As promised, I have the answer to our mystery geology.
RQ got the spot right: it’s Hohllay!
Alas, twasn’t Chthulu or water that hollowed the cave and left the marks. The whole thing was made by humans:
From the Middle Ages until the 19th century, the mill stones for the numerous mills in the region were cut from these impressive caves called “Hohllay” or “Breechkaul” (Amphitheatre). This activity left its traces as bizarre patterns on the rocks.
And thus we become part of the geologic record! The sandstone itself is a marine deposit (pdf). Nearly two hundred million years ago, this part of Europe was a shallow shelf under the sea, and the sand that would become so useful for millstones was deposited in huge sandwaves up to 20 meters thick. This went on until about 190 million years ago. Calcium carbonate cemented the sand grains, leaving a huge swath of sandstone as a wavy belt across France, Luxembourg, and into Germany.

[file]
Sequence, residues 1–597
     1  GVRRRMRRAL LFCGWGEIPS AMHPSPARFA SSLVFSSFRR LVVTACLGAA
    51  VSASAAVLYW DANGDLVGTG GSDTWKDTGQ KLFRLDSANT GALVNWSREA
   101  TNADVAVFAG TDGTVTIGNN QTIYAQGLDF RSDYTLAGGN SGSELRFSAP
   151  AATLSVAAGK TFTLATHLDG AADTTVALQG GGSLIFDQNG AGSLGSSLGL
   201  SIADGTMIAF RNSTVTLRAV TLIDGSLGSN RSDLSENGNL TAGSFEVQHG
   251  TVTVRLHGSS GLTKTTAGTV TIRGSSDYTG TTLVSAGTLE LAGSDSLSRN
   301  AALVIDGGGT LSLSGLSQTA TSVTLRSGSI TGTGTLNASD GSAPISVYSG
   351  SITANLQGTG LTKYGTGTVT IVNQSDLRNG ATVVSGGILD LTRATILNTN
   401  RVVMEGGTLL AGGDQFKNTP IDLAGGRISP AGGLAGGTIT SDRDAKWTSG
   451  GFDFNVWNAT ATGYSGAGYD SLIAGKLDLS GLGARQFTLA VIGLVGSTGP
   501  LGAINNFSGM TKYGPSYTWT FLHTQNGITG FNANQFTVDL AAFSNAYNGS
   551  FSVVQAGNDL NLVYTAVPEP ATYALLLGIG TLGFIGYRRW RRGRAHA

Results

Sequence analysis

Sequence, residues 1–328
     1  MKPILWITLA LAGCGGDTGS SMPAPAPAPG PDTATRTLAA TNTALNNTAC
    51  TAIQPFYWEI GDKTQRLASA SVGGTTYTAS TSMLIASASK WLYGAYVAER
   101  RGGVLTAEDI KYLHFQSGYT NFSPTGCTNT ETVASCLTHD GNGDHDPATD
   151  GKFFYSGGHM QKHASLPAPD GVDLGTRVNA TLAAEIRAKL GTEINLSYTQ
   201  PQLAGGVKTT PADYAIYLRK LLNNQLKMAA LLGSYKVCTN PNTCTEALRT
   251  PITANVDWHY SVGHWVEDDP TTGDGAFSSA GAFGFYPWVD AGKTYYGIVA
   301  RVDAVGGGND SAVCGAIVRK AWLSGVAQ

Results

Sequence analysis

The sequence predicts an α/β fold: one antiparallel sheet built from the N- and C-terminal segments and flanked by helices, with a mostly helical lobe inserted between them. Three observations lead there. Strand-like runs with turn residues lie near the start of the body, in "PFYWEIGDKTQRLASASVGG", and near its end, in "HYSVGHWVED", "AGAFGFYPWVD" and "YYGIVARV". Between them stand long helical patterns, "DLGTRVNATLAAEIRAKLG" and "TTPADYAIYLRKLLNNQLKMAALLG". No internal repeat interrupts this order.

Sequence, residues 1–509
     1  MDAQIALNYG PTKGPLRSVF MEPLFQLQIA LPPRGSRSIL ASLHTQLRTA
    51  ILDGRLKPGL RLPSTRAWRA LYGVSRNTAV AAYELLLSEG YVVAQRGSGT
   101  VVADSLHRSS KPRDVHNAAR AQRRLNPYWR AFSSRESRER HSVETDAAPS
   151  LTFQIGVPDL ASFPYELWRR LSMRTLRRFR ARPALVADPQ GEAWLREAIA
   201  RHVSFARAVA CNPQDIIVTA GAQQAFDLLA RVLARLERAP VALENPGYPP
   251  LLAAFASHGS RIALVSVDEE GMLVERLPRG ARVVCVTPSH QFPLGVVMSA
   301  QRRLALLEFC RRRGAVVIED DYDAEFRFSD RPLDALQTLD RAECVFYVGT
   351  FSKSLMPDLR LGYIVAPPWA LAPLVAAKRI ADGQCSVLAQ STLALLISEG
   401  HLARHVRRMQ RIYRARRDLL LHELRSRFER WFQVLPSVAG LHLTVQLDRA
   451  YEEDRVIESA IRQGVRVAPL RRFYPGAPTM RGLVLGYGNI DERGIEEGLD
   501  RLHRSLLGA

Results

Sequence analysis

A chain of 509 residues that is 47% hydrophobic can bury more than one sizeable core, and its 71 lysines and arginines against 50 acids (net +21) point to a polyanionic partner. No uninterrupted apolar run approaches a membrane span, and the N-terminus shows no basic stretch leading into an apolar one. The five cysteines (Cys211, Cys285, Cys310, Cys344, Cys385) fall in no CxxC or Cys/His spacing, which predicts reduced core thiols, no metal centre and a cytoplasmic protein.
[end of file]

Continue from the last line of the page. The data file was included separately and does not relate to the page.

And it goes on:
In the picture, our sandstones are brown, but if you were able to get at it with your trusty rock hammer, you’d find the fresh faces were bluish-gray. Weirdly, that color is caused by our old friend pyrite! So cool.
I do love how ancient seascapes become the raw material for our grain-grinding apparatuses. If I ever get my hands on a TARDIS, I’m totally going to go back to old Luxembourg and stand there humming “Under the Sea” under my breath as the miller grinds me a nice sack of flour on his or her Jurassic millstone. Folks who know European history better than me: what would be the most excellent era to visit? And folks who know baking better than I: what would be the appropriate foodstuff to make from our Jurassic-ground under-the-sea flour?
There’s a nice blurb about the Hohllay at Atlas Obscura. We absolutely ought to take a field trip here someday, my darlings, even if we haven’t got a TARDIS. It looks delightful!